How The Natural Grip Survived the ‘Shark Tank’

Shark Tank Appearance: Nov. 7, 2014
Investor: Robert Herjavec
Deal: $125,000 for a 25 percent stake, both well above her original ask.
Results: Sales increased from $178,000 in annual sales to an estimated $1 million in 2015.

When Ashley Drake, an active-duty captain in the U.S. Army Corps of Engineers, prepped for her appearance on ABC’s Emmy-winning business reality show Shark Tank, she turned the spare bedroom of her Louisville, Ky., home into command central. “I took out all of the furniture and hung pictures of the Sharks on the walls in the order that they sit. Every single day, regardless of how tired I was, I’d go in there and make my pitch. It sounds crazy, but I wasn’t nervous at all when I walked into The Tank because I was accustomed to looking at the Sharks and talking to them.”

Drake’s confidence was evident from her opening gambit. “My name is Ashley Drake, and you—all of you—need to get a grip,” she declared. “I’m seeking $100,000 for 20 percent equity in my company.” Her product, The Natural Grip, is a custom-fitted hand protection device made of a narrow woven cotton fabric assembled by means of adhesive. It’s designed to protect fitness athletes like herself from ripping up their hands during high-intensity, competitive weightlifting.

Through one hour and 37 minutes of questioning by the Sharks—later edited into an eight-minute segment—Drake stood ramrod-straight, just as you would expect from a soldier who completed a 15-month tour of duty in Iraq. Even the usually snarky Kevin O’Leary had nothing but admiration. “You are one motivated cowboy!” he exclaimed.

In one of the more heated battles in Shark Tank history, Robert Herjavec and Daymond John vied for the deal. Drake went with Herjavec. “That is a big mistake,” fumed John.

Drake surprised herself with her choice. “Going in, my goal had been to get Daymond, since he’s in the fitness space. But you have to go with your gut, and I felt in the moment that Robert was going to be best for the company. He had a real excitement about our product and the possibility for our growth.”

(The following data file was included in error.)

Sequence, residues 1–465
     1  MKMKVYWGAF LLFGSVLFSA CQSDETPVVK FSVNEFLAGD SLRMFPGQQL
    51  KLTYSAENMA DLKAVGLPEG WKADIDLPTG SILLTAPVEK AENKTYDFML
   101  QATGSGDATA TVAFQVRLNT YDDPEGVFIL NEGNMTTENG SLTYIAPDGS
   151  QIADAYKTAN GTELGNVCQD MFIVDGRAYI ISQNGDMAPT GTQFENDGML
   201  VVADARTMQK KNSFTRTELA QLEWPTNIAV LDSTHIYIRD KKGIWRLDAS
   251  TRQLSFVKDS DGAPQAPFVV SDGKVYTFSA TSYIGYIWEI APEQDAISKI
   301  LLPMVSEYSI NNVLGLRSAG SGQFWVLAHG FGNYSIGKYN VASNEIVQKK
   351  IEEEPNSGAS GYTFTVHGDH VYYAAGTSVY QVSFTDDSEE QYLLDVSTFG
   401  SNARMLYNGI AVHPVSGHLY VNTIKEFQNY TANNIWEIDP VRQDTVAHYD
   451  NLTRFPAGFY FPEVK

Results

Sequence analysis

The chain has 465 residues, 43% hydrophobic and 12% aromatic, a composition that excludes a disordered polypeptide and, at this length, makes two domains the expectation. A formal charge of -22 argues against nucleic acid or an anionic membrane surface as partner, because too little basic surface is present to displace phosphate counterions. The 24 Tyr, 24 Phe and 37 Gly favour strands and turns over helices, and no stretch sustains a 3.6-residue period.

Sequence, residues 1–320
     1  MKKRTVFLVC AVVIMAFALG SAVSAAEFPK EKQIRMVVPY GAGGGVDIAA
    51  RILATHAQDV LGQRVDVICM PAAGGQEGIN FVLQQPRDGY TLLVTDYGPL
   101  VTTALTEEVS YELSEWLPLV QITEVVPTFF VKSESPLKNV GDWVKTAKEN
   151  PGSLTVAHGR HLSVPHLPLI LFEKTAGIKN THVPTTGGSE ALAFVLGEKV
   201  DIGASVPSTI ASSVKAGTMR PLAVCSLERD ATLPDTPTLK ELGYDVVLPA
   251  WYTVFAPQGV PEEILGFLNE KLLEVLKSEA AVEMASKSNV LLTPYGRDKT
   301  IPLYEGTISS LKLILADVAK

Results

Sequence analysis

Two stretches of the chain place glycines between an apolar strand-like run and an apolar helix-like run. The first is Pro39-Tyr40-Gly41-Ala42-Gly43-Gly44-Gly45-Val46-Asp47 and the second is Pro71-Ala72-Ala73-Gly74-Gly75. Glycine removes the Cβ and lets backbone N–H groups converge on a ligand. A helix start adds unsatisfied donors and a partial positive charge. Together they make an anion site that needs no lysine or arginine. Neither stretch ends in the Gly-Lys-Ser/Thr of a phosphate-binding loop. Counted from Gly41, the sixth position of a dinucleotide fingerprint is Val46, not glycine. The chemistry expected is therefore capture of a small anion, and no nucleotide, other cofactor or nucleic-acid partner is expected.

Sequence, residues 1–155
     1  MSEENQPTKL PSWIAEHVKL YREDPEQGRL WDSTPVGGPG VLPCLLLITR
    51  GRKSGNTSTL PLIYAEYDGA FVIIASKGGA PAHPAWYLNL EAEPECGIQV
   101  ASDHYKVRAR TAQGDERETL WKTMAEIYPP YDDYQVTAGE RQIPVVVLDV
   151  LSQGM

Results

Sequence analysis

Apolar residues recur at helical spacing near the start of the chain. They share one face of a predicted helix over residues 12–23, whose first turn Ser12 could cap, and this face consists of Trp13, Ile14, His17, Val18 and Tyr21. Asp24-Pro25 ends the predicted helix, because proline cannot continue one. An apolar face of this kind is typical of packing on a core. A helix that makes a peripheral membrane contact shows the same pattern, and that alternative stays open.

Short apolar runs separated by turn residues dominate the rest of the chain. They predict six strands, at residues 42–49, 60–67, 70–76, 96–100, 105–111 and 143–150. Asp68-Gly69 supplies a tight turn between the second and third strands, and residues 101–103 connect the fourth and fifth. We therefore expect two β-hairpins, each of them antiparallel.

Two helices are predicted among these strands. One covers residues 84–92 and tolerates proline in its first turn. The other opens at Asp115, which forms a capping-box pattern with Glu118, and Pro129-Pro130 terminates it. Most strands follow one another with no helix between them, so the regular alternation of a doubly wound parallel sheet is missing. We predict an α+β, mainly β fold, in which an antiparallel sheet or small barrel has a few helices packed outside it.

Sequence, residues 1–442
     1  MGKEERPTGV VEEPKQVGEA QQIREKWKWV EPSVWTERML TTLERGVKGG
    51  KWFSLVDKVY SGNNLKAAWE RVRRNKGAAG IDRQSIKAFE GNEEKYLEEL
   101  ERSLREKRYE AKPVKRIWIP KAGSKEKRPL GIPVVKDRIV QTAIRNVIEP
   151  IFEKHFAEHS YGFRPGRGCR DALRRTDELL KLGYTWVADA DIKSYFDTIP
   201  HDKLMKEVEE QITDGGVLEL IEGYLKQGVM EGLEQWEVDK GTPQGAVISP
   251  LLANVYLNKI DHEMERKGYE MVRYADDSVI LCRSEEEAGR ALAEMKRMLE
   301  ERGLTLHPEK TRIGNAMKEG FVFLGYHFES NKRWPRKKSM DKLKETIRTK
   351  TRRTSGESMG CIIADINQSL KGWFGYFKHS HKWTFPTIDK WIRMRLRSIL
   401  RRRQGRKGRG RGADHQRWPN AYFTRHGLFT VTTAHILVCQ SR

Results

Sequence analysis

Herjavec felt an immediate connection, too. “I was drawn to Ashley the moment she came into the Tank. She’s a natural leader and has a passion for her team and business. She’s all-in, and I love that.”

Drake is an accidental entrepreneur. In May 2013, the night before she was to participate in a local fitness competition, Drake complained to her husband, Justin, that competitions left her hands torn and bloody. On the kitchen table the next morning sat four pairs of grips that Justin had fashioned out of supplies he had at home. After people at her gym started asking where they could buy the grips, Drake told Justin his handmade solution might present a business opportunity.

While Justin made more grips, Drake launched a Facebook page and began reaching out to influencers in the fitness world. The following December, The Natural Grip had grossed $60,000 in sales, and big distributors were clamoring for product. “Justin was very concerned about our inexperience as business owners,” Drake says. “I told him, ‘OK, I’ll just get on Shark Tank, and we’ll find an investor to coach, mentor and guide us.’ ”

A few weeks later, she submitted an application video, and after five rounds of tryouts, she taped her segment in June 2014. It would run as part of a special Veterans Day episode in November.

Between June and November, Ashley and Justin, who quit his job as an athletic trainer to become the company’s chief operating officer, prepared for the Shark Tank tsunami. “We drive our overall sales by how active we are on social media,” Ashley Drake says. “So we slowed down those marketing efforts and used the time to build our inventory.” In the month before the Shark Tank appearance first aired, The Natural Grip had $10,000 in sales. After the broadcast, monthly sales soared to $132,000.

Sales of the grips remain robust, with 5,000 to 8,000 pairs shipped every month. One big factor in the company’s success has been its presence at industry trade shows, a move that concerned the usually fearless Drake. “Trade shows are expensive to get into, and I was very concerned about that,” she says. “But for Robert, taking part in industry events was a no-brainer, and it was not up for negotiation. We’ve done four trade shows, and we’ve been extremely successful at each one.”

The Natural Grip is moving into new markets such as motocross, gymnastics and rock climbing, and the company soon will reveal a new product—a piece of fitness equipment.

When Drake’s military commitment ends in a couple of years, she will devote herself to the company full time. “We’ll grow the brand wherever the demand takes us. We’re open to any opportunities that come our way.”

 

This article appears in the January 2016 issue of SUCCESS magazine.

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Shelley Levitt

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